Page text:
David, Thorough explanation of the process of the 203K FHA loan.  I haven't worked with that product here in Texas.  I'll have to see what our lenders say about it. 

Oct 07, 2009 05:16 AM
Kate Kate
San Diego, CA

David, nice work up for a not-so-run-of-the-mill loan product. Is the demand increasing now for the 203k due to foreclosures having been roughed up? Kate

Oct 07, 2009 10:15 AM
David Krushinsky
Reasy Financial LLC - Peoria, AZ
AZ MB-1044208 MLO NMLS #202115

Melissa - With the 203k loans, there is undoubtedly more overhead/work involved during the construction period after closing.  The process isn't that complicated because most of the work is done upfront during the approval process, so it's baffling to me why they would stop doing these types of loans.  There is clearly a need due to the bank-owned property on the market, at least that's the case in the Phoenix market.

As far as Wells, I'm not going to defend them for making your client use Home Depot.  It could have something to do with the State of Texas laws regarding licensed contractors.  I'm not too sure because we haven't had any contractor problems.  I do think a bank has the right to refuse a contractor based on what they find out about their prior jobs, but not to "steer" them to one particular contractor.

Oct 07, 2009 11:41 AM
Renée Donohue~Home Photography
Savvy Home Pix - Allegan, MI
Western Michigan Real Estate Photographer

SWEET TUTORIAL and it will be reblogged!

Oct 07, 2009 01:53 PM
Brian Brumpton
Keller Williams Boise - Boise, ID
Boise Idaho Real Estate

David,

I concur with Renee.  I am starting to get more questions about these and your post couldn't have been more timely.

Oct 07, 2009 02:18 PM
David Krushinsky
Reasy Financial LLC - Peoria, AZ
AZ MB-1044208 MLO NMLS #202115

Susan - Your market is probably quite different since Texas doesn't have the same foreclosure statistics as Phoenix, Las Vegas, Florida, California.  You may not have the same need for this type of financing but it's terrific for markets like Phoenix since the homes are usually pretty trashed.  Definitely check it out with your lending partners because it can also be used to simply upgrade a home as well.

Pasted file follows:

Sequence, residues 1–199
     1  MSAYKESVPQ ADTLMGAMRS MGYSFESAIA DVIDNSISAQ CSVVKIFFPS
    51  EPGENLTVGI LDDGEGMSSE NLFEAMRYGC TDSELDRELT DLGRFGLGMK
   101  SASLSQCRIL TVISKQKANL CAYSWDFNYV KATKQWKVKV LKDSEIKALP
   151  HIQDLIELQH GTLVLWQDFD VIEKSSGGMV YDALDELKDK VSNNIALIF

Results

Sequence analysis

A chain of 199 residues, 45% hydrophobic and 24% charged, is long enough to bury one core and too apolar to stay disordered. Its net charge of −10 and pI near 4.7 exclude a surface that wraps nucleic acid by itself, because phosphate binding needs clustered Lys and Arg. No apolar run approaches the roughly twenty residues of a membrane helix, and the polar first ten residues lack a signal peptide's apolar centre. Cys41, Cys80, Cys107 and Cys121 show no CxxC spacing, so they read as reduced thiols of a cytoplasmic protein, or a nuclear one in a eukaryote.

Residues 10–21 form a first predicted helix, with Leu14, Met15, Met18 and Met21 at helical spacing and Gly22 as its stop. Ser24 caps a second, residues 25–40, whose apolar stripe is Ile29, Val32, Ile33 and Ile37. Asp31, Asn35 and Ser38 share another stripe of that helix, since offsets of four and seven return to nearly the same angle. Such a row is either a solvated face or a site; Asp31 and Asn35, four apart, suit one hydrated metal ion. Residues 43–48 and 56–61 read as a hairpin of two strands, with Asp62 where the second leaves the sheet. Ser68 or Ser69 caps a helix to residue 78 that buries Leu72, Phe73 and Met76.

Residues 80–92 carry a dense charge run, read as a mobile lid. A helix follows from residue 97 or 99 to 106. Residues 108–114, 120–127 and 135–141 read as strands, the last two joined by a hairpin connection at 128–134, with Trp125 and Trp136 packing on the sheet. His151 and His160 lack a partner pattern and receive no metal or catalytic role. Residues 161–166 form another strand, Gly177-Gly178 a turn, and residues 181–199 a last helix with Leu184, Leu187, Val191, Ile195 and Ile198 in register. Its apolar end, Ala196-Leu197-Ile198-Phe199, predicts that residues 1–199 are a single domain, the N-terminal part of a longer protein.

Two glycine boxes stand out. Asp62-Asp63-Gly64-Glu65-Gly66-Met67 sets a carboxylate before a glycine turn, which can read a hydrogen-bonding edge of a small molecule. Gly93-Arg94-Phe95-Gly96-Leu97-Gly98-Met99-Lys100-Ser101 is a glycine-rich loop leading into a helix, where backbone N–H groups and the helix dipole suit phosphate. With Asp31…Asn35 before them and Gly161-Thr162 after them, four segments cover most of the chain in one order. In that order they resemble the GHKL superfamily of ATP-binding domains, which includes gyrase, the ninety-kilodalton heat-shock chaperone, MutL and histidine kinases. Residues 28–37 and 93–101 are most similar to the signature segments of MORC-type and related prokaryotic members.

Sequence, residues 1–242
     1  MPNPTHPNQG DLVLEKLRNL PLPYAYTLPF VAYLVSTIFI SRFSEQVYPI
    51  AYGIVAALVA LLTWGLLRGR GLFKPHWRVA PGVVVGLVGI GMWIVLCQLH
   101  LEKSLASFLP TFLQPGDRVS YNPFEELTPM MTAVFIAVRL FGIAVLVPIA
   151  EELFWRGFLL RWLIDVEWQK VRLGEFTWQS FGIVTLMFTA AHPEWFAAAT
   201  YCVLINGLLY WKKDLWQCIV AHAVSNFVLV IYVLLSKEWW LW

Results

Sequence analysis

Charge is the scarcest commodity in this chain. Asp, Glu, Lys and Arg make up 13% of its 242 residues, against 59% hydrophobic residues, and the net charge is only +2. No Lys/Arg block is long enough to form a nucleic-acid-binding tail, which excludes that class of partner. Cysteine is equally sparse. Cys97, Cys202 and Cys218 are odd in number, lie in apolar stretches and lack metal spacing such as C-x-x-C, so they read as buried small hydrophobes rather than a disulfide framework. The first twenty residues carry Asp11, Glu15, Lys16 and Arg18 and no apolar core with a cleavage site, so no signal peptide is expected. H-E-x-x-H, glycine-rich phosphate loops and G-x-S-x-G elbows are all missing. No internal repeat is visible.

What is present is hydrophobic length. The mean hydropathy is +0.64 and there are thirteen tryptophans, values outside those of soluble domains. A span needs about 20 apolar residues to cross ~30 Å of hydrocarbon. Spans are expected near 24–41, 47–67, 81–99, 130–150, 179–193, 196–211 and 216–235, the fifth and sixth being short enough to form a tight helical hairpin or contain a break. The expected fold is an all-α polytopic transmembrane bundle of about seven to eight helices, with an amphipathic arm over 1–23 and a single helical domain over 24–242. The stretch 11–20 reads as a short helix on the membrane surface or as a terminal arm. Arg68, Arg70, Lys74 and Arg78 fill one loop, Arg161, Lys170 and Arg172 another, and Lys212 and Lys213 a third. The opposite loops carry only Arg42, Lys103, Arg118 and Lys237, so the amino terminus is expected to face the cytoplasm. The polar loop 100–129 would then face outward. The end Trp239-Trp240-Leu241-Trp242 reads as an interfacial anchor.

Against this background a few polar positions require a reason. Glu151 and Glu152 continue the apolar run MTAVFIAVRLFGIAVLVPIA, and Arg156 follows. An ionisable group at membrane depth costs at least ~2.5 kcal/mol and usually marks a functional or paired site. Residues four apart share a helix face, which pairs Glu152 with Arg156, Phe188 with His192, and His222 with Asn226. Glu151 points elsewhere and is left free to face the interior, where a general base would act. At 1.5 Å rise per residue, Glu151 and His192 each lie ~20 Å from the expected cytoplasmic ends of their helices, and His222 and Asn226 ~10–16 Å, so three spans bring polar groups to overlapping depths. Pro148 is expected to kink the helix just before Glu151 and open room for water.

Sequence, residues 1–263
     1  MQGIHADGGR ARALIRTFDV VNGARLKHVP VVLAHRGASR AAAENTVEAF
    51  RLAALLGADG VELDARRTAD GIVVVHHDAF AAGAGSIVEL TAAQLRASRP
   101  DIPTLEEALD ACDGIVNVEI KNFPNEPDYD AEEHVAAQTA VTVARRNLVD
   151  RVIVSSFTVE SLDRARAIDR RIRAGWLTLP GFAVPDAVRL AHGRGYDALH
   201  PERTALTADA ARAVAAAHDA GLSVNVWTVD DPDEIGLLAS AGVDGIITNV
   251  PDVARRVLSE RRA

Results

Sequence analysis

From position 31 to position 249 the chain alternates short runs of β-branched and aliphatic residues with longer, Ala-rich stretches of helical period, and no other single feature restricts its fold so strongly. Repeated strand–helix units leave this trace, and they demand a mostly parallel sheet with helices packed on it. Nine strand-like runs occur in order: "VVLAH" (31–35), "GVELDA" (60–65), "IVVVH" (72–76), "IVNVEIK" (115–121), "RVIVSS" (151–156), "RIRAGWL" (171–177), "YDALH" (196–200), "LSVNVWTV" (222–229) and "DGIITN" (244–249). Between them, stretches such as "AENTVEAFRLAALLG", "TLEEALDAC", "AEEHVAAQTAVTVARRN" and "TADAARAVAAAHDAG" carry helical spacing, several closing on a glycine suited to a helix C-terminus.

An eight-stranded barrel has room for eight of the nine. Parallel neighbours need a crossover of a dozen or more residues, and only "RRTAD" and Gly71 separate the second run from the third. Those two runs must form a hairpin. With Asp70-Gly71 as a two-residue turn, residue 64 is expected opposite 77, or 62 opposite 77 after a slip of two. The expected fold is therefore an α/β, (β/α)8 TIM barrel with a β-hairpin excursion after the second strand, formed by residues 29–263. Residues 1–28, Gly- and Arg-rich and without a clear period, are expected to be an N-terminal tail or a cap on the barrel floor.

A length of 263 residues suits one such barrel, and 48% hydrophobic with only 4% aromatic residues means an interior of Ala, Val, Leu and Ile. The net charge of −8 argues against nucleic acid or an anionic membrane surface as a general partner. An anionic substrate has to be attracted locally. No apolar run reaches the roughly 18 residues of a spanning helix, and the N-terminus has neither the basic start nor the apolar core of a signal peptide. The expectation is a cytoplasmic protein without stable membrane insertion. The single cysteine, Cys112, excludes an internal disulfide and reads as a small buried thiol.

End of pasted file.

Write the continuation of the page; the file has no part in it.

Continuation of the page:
Kate - 25 percent of the loans in our pipeline are 203k loans right now.  We've noticed a significant increase in demand for this product.  I wrote this blog so my clients could reference it during the transaction.  Always nice to hear from you too!

Renee - Thank you!  You're my favorite person to comment back and forth with.  :)

David - Renee is pretty smart so I would agree with her too.  Thank you for kind words.

Oct 07, 2009 03:38 PM
Donne Knudsen
Los Angeles & Ventura Counties in CA - Simi Valley, CA
CalState Realty Services

David - Great post!  I've thought about doing something like this - sort of.  I have a client that gave me permission to follow his construction after his 203k loan closes, which I think I just may do.  Thx for sharing your experience.

Oct 08, 2009 04:06 AM
David Krushinsky
Reasy Financial LLC - Peoria, AZ
AZ MB-1044208 MLO NMLS #202115

Donne - I was just thinking about you this morning.  That's crazy..... thanks for the nice words.

Oct 08, 2009 07:36 AM
Melissa Anderson
Be My Neighbor Mortgage - San Antonio, TX
Your Texas Lender

Where's your next blog??

Get going man!

Oct 14, 2009 12:40 PM
Anonymous
Brian Hopple

David,

I came across your blog while seeing what was available on the internet for 203K loans in Texas. Currently I am a 203K mortgage lender here in Texas. Your blog was extremely informative and well put together. I would like to add the web address to Hud that gives out information on this type of loan

http://www.hud.gov/offices/hsg/sfh/203k/203kabou.cfm

Great information!

Mar 18, 2010 08:40 AM
#11
Anonymous
Alin Pirtea

I trust 203k loans more than any other loan out there. I know a guy who used one of these loans to rehab a house he bought for 40,000 and did 20,000 worth of negotiated repairs and sold it for 400,000. I trust that guy more than anyone on this blog you know. Sheet.

Nov 12, 2010 10:47 AM
#12
Anonymous
Emma

I did a 203k loan and will never do it again and will tell everyone I can tell to never do it!!!  I had my final inspection done by the bank  appraiser.  He verified that all work was completed and doen correctly. m&T is refusing to pay the contractor the $20,000 they owe him.  They want him to do additional work that is outside the scope of this contract in order to get his $20,000 payment!!!  I was told that if the contractor refuses to do the additional work, they will simply foreclose on my home, even though I am current on my monthly mortgage payments. 

There is no one to complain to, there is no accountability and it is all a scam!!!

  

Feb 04, 2011 06:30 AM
#13
David Krushinsky
Reasy Financial LLC - Peoria, AZ
AZ MB-1044208 MLO NMLS #202115

Emma,

The scope of work is approved in the underwriting process.  Were there additional unforeseen circumstances with the property once the work began? 

I have never specifically worked with M&T, so I won't defend them.  The 203k loan program is definitely not a scam though.  The work has to meet criteria of basic safety issues with the home. 

You should contact Department of Financial Institutions for the state you are in.  I would also call HUD and complain.  They will not take the threat of foreclosing on someone who is current on their payments lightly. 

 

Feb 04, 2011 09:11 AM